When it was originally announced that Zack Snyder would be helming the reboot of the Superman franchise I was pretty optimistic. Sure, he had a stumble with the style over substance Sucker Punch, derived from an original idea by him and his wife Deborah, but he had a solid comic track record. His adaptation of Frank Miller’s 300 was an astounding page to screen translation which, for me, pale substantially over time but that’s my damage really and his Watchman film is an incredible achievement given the vastness of the source material. So, things were looking up when he was put in charge with a new representation of the big blue boy scout.
Five years ago this week Man Of Steel hit theaters and, excited about the relaunch of a new DC Cinematic Universe, I had my tickets for opening night in my hot little hand. What I received was definitely not the Superman story I knew but instead, I got one from storytellers who seemed to have fundamental issues with most things that made Superman iconic. Gone were the bright colors, replaced by a muted tone filter. The beginning was epic, a real look at how Krypton fell but within that, we had Russell Crowe’s Jor-El flying some sort of random Pokemon character and then an hour into the film we would see him as an artificial intelligence program with incredibly unbelievable cognizance.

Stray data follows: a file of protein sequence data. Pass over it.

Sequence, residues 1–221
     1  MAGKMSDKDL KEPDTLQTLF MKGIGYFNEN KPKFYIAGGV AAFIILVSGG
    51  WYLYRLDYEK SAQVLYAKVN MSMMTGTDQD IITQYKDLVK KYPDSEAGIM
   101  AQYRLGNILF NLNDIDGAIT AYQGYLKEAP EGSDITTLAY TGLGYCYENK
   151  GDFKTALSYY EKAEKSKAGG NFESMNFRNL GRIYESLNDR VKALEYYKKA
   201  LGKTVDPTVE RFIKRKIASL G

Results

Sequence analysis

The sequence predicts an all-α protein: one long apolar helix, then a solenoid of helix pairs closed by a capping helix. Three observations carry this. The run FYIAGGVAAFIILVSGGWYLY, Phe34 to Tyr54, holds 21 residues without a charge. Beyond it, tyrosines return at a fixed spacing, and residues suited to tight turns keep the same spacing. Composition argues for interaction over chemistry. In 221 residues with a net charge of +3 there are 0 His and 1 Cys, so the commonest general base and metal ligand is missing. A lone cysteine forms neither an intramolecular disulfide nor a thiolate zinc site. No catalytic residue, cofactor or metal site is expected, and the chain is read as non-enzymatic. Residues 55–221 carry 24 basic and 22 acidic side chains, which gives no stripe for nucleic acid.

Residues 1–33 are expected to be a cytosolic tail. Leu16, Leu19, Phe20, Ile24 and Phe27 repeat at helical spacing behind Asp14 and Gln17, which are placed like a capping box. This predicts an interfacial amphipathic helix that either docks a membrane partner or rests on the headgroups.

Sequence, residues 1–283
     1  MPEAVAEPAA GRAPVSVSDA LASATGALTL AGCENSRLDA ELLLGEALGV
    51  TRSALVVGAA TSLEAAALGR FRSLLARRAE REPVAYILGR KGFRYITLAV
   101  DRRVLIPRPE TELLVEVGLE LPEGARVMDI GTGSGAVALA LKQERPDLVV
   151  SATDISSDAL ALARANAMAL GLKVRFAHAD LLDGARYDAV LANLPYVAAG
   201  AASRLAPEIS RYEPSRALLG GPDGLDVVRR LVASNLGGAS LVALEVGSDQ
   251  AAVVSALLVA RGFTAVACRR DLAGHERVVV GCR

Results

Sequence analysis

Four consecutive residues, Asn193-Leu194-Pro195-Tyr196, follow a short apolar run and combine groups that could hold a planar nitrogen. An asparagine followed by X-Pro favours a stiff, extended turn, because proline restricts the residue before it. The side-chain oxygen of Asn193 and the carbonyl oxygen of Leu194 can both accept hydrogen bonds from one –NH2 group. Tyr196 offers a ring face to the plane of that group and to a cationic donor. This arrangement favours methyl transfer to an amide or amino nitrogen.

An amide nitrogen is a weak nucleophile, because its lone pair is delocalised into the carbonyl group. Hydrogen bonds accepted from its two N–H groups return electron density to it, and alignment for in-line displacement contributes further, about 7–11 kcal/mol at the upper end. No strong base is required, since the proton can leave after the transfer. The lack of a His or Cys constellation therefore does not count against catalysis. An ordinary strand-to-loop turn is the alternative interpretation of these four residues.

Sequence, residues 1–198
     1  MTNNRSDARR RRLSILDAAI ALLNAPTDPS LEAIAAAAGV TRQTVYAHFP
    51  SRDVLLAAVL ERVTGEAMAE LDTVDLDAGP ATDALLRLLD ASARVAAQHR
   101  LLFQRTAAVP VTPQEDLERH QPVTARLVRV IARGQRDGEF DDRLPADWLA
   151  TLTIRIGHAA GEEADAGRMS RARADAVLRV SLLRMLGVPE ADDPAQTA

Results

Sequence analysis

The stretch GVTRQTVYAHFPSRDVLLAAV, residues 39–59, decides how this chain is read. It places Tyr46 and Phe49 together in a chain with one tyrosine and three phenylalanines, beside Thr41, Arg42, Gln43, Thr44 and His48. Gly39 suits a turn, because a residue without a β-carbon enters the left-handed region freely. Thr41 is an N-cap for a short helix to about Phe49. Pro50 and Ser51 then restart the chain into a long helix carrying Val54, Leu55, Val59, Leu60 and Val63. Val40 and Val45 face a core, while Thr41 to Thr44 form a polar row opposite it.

It’s almost like Snyder and writer David Goyer hated the origin lore of the character. Kevin Costner is well cast as Clark’s adoptive father Jonathan Kent but lacks any of the warmth we associate with him. Instead, he’s dark, moody and incapable of giving our hero the optimism in humanity. Amy Adams, on the other hand, is totally miscast, starting as a tough reporter with a knack for accentuating product placement but as soon as she sees Superman she is relegated to a wide-eyed giggling fanatic. There are so many character miscues that punctual this largely grim film that has weird pieces of extremely forced levity. This was the beginning of the feeling that there was a lot of creative turmoil in this DC Universe launch.
I close out my look at Man Of Steel with what worked for me and largely it is the castings of our hero and villain respectively, Henry Cavill and Michael Shannon. Cavill has all the look and ability to pull off both the Clark Kent role and Superman. I’m not afraid to say that the man is gorgeous which makes the injustice of the moustache removal that much more monstrous. In the case of Shannon’s portrayal of General Zod, the chameleon-like character actor manages to infuse him with a relatable motive of preservation of his people. His methods are what villainize him and eventually cause the 9/11 parallel that is the third act of Man Of Steel. Sorry, just wanted one last jab at this one on the way out.